The federal judge overseeing the corruption trial of Rod Blagojevich said he sees no need for President Barack Obama to testify, denying a defense request, though he left open the possibility.
Tales from the Trail
Republican John McCain says he doesn’t know whether his former vice presidential running mate, Sarah Palin, was adequately vetted. At least, he doesn’t know who says she wasn’t, and he doesn’t care. What he does know is that the 2008 presidential race was a tough fight. But now he’s very proud and very happy. Any more questions? Get lost.
McCain just wouldn’t take the bait in an interview with NBC’s Today show when asked to comment on revelations about his failed 2008 White House campaign that appear in the new book, “Game Change,” by New York magazine writer John Heilemann and Time magazine reporter Mark Halperin .
NBC asked whether the book is correct where it describes the vetting process for Palin as hasty and haphazard, with no one bothering to speak to her husband or her political enemies.
“I wouldn’t know,” McCain replied.
Sorry? The Republican Party nominee wouldn’t know if his own running mate had been adequately vetted?
“I wouldn’t know what the sources are, nor care,” the Arizona senator explained.
“I am not going to spend time looking back at what happened over a year ago when we’ve got two wars to fight, 10 percent unemployment in my state and things to do. I’m sorry. You’ll have to get others to comment.”
McCain’s decision to transplant Palin from political obscurity to the national limelight undermined his credibility even among Republicans. Some worried that voters would see the former Alaska governor as too inexperienced to become Veep and possibly, some day, take on the mantle of Commander-in-Chief during a national emergency.
Palin has since become the most visible Republican figure in the national political firmament, publishing a best-selling book, landing a job as pundit on FOX News and attracting speculation about a possible White House run in 2012.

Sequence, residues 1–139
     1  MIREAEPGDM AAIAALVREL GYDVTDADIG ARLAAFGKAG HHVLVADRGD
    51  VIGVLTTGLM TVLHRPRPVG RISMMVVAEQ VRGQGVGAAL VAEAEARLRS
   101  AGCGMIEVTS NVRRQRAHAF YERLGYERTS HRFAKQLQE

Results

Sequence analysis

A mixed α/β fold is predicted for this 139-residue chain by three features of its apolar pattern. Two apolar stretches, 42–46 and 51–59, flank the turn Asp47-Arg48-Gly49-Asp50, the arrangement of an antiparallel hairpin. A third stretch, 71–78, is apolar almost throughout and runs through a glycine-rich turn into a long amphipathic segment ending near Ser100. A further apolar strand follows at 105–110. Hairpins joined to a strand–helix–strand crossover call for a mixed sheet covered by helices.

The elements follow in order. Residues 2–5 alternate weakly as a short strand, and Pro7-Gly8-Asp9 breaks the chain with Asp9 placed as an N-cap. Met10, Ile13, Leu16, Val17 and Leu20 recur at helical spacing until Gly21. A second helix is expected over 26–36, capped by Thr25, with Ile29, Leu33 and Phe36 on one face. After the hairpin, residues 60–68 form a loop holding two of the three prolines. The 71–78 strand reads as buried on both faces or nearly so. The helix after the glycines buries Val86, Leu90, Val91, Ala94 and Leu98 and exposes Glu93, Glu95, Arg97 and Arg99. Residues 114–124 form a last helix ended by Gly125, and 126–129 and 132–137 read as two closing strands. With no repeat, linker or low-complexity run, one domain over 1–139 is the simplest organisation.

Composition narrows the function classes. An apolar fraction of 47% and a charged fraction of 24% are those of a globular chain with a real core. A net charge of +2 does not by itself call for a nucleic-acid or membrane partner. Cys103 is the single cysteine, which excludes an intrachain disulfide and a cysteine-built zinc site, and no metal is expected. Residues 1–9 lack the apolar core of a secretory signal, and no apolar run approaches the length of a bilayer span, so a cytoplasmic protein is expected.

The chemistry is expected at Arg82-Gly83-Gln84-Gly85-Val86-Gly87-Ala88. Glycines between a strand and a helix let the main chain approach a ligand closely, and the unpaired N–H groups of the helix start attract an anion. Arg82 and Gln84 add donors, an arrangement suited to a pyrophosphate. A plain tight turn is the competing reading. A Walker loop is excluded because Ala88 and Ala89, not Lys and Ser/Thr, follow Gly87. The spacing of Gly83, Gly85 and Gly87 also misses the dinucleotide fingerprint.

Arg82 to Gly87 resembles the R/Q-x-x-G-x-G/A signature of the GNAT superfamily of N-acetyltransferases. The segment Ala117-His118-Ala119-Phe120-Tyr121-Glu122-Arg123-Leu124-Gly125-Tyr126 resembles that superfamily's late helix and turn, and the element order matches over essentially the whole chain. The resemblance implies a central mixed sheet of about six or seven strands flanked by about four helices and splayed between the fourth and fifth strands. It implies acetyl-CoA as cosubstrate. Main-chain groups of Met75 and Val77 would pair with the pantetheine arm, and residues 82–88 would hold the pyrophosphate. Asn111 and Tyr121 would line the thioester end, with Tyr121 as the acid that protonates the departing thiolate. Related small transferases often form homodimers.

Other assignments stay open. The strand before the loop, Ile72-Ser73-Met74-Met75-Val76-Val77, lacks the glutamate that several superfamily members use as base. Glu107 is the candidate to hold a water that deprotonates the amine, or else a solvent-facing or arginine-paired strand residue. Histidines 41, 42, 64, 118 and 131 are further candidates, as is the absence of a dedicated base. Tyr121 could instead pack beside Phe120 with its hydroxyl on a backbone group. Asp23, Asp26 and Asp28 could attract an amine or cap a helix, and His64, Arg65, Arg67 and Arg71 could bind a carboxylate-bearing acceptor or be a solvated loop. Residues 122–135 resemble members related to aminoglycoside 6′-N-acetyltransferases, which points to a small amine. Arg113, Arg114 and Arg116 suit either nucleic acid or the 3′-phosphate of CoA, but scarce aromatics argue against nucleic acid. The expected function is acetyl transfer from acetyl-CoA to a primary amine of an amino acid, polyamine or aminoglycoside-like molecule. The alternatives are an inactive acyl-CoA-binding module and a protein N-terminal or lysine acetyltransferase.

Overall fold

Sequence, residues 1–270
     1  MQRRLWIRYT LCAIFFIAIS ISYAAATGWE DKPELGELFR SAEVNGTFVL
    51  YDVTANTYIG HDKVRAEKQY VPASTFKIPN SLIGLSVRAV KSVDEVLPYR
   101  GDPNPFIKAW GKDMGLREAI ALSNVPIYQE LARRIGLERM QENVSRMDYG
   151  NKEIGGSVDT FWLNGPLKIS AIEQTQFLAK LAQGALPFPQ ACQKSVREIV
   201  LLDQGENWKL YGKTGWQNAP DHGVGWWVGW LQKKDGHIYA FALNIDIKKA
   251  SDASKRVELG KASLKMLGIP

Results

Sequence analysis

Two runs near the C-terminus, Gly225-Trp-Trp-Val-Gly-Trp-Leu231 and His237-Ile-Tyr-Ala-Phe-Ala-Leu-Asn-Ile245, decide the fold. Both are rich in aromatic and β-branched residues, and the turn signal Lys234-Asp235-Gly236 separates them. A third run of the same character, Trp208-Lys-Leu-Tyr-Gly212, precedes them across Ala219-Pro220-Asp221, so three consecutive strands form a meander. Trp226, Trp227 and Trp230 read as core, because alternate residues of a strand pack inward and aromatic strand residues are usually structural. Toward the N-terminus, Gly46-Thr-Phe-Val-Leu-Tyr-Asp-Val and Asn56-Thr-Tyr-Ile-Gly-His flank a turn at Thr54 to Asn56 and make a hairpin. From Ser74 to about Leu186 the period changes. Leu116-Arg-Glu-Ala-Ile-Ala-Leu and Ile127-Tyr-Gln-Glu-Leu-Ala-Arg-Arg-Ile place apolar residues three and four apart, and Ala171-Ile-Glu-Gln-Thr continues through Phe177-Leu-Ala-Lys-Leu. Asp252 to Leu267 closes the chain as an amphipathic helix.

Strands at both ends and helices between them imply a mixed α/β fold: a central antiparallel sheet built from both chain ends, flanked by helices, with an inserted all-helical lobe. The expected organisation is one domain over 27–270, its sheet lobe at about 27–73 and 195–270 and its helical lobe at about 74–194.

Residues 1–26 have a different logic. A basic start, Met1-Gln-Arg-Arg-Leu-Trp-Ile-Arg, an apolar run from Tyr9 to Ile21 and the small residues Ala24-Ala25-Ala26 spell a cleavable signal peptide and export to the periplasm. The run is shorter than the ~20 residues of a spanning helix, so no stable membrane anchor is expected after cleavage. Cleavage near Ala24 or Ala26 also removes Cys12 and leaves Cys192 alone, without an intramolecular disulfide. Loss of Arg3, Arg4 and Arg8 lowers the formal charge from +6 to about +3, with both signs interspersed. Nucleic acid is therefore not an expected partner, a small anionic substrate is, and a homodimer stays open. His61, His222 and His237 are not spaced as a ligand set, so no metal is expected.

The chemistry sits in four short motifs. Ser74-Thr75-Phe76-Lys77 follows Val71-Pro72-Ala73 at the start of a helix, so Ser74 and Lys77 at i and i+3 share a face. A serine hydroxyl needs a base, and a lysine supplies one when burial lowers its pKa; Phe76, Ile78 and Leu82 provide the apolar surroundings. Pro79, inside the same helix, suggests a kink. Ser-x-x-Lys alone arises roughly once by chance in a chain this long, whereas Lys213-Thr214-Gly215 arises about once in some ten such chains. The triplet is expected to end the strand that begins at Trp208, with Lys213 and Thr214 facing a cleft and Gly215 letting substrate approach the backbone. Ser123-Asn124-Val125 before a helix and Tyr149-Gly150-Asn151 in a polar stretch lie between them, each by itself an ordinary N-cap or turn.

“She will be a major factor in American politics in the future,” McCain predicted, with an apparent air of vindication.
“I am proud of everybody in my campaign. I’m proud of the campaign we ran. I’m so proud that I had the opportunity to represent my party in the election. And I’ll always look back on that period with pride and with satisfaction. It was tough. But I’m very happy and I’m very happy in my new role in the Senate and going back and fighting the good fight.”
It’s official. Barack Obama will be the next president of the United States.
President-elect Barack Obama gave a wide-ranging interview to the Chicago Tribune , offering his hometown daily a scoop that forced other journalists to choose which angle to highlight in their reports on it. Reuters chose to lead with his comment that the most pressing problem right now was to "stabilize the patient" and save the U.S. economy from losing millions of jobs. I agree this is the key message he sent in this interview and deserved to take top billing. So I was surprised to see how many news organisations went with a different angle.
NEW PARIS, Penn. – What is the biggest competition for an apple orchard owner in rural Pennsylvania?
Republican vice presidential candidate Sarah Palin thought she knew the answer when talking to Matthew Boyer of Boyer Orchards.
“So is your competition imports from China?” Palin asked Boyer, as she stood in a barn in front of bushels of all different kinds of freshly picked apples at the family-owned orchard.
While it’s true that China is a huge apple producer and the United States’ share of world exports continues to decline, competition from China wasn’t Boyer’s biggest concern.
Boyer told Palin he was more worried about apples from Washington state, which produces some 60 percent of the apples grown in the United States.
In fact, the issue on Boyer’s mind was immigration.
Boyer employs migrants to pick his apples, and it is becoming harder to find people willing and able to do the work.
“We need workers. We can’t get any local person for it. It’s hard work,” he said.
“It’s increasingly difficult to find legal help. People don’t understand this immigration issue.”
Palin quickly turned the conversation to one of her preferred topics — the need to cut taxes, especially for small business owners.
How can John McCain win?
The Republican presidential candidate trails Democratic rival Barack Obama in opinion polls and time is running out before the Nov. 4 election. The Web site FiveThirtyEight, which uses statistical modeling to predict the outcome, gives the Arizona senator only a 5.3 percent chance of victory.